The New York Times continues to emphasize the upside of stringent dress codes for Muslim women
The New York Times continues its efforts to inculcate Americans with the value of wearing a hijab or scarf and expand their sympathy for Islamic modesty requirements. Today's print edition includes a feature story about a lawyer who started covering when she was in college, against her parents' wishes. The story sympathetically portrays the young lawyer's concerns about potential discrimination in hiring decisions and work assignments, and how she navigated them. It shares her piety, the "comfort and courage" she finds in her faith, and "elat[ion]" about the Supreme Court's recent decision in EEOC v. Abercrombie & Fitch.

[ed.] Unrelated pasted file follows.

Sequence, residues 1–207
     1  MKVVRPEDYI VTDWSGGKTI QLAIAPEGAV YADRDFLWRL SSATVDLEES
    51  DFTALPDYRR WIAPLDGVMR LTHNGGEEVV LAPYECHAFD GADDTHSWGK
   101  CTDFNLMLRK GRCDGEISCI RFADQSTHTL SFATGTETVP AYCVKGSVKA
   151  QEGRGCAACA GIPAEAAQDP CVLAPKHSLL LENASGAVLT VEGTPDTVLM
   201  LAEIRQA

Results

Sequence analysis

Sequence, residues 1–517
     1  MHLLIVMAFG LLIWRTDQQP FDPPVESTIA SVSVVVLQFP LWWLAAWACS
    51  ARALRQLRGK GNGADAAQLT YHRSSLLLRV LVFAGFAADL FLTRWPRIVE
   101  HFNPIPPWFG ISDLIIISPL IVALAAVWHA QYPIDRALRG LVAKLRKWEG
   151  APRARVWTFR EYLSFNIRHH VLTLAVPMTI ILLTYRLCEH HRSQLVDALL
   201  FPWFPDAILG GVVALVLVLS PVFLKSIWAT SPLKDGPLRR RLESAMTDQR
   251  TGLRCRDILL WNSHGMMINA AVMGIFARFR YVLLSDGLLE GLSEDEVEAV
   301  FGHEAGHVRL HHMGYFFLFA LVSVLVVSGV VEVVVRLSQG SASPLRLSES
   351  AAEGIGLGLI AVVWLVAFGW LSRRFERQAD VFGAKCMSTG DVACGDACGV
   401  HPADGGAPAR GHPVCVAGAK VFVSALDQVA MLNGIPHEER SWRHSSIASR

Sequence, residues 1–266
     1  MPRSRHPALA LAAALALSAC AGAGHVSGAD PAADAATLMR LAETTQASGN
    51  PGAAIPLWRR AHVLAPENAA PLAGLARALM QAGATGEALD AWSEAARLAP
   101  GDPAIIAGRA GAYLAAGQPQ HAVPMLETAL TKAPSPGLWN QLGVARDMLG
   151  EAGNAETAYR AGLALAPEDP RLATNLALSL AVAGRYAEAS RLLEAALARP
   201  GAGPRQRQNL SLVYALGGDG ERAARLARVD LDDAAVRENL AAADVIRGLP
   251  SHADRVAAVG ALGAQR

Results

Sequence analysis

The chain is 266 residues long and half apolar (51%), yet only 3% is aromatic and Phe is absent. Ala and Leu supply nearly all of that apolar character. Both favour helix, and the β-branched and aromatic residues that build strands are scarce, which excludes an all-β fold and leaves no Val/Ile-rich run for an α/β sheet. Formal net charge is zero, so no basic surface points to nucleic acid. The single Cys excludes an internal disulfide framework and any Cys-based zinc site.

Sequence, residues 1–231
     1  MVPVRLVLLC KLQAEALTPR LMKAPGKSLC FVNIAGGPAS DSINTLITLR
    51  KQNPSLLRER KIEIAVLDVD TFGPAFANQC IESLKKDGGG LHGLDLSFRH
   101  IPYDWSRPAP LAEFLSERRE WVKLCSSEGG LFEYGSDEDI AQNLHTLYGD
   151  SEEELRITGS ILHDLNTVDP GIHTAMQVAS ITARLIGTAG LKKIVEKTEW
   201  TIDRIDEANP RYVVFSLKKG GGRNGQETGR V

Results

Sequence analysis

A Women In the World (WITW) feature posted June 7 on the Times' website shares the happy news about nylon sports hijabs, designed for the observant and athletic Muslim woman. The article calls the decision to substitute nylon for more traditional silk, chiffon, and cotton, "brilliant." The item concludes with the New York Times recognizing the "country" of Palestine, whence the manufacturer's parents came, and to which he wishes to sell his product.
If any readers have examples of New York Times stories about either (a) Muslim women pressured or forced to cover against their will and/or repudiating the hijab/niqab/burqa (e.g., something along the lines of this item from the Daily Mail), or (b) warm and fuzzy stories about Jewish women finding value in dressing modestly and/or covering their hair and the discrimination they face, or other like stories about non-Muslims, please share them.